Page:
SHARMILA VISHWASRAO [*]
The incentives of southern governments to protect process and product patents are examined in a game with endogenous research and development and licensing. Patent protection results in the licensing of cost-reducing process innovations to southern firms. By increasing competition, licensing provides an incentive for southern governments to protect process patents. However, optimal patent policy may involve restrictions in the form of licensing contracts. In the case of product innovations, licensing does not occur regardless of whether or not patents are protected. Thus, patent protection serves to reinforce monopoly power without increasing technology diffusion. Southern governments thus have a lower incentive to protect product patents.
One of the real-life anomalies that is often ignored in the debate on trade-related intellectual property rights is that while countries may not offer patent protection for new products, they are likely to do so in the case of new processes. The Indian Patents Act of 1970 disallows patents for products in the fields of chemicals and food and drugs, confining patent rights to manufacturing processes alone. In part, this restriction arose as a response to earlier difficulties in assigning rights for chemicals. Bagchi et al.  describe a case involving Fabwerke Hoechst, a German company, and Unichem, a small Indian pharmaceutical firm. The German firm alleged that Unichem had infringed their patent by manufacturing tolbutamide. Unichem defended its right to manufacture, claiming that the drug was being produced using a different process licensed from an Indian laboratory. While the distinction may have arisen because of purely legal consideration, it cannot be disputed that the legislation can have potentially widespread effects because of the importance of patents to this particular industry.  The same article cites that prior to the enactment of the new patent act, food and drugs and chemicals accounted for more than 54 percent of the patents granted.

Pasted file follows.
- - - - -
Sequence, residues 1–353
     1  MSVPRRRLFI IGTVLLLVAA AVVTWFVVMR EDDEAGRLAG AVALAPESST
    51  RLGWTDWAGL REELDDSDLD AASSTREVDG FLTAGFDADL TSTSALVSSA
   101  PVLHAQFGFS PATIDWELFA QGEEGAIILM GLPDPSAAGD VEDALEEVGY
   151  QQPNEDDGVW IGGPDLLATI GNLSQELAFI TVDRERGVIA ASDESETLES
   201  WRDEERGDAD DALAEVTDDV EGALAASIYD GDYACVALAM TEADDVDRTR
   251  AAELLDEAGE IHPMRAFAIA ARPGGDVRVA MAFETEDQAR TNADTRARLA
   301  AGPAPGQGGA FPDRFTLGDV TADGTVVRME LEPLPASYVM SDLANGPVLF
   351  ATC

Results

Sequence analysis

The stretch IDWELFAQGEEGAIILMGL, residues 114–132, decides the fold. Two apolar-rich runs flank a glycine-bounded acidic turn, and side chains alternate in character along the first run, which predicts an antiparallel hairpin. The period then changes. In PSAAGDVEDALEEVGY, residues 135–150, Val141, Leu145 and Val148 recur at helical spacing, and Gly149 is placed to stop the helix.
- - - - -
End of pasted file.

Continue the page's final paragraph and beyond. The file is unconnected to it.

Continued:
In addition to legal considerations, process protection confers certain other advantages. By requiring that the manufacturing process be specified in the patent disclosure, it is easier for domestic firms to construct alternative processes, thereby eroding the monopoly rights of the original inventor. Process protection thus covers the kind of research and development (R & D) carried out most by firms in underdeveloped countries. Minor changes in previously patented technology allow the domestic firm to replace the existing process by a slightly different one, actually facilitating rather than hindering what would be considered imitation under northern statutes.
Additional considerations may affect the choice of product versus process protection. Product patents can be used easily to gain monopoly power. Very often a firm will file for a patent in a country merely to protect its monopoly on imports without any intention of producing in that country or licensing production to domestic firms.  Under very common assumptions on cost structure, a firm may choose to license process innovations but will not license product innovations [Katz and Shapiro, 1985]. This outcome is the result of product innovation conferring a monopoly on the inventor. In the case of process innovations, existing firms often produce the good. Thus, the inventor gains from licensing the process patent for some payment.
The primary focus of this paper shows the effect on technology transfer through process innovation licensing when domestic and foreign firms compete in the same market. The incentives to protect process and product patents are compared in a North-South trade framework where only northern country firms conduct R & D. A number of studies have explored the problems of trade-related intellectual protection [Chin and Grossman, 1990; Deardorff, 1992; Diwan and Rodrik, 1991; Taylor, 1993; Vishwasrao, 1994]. …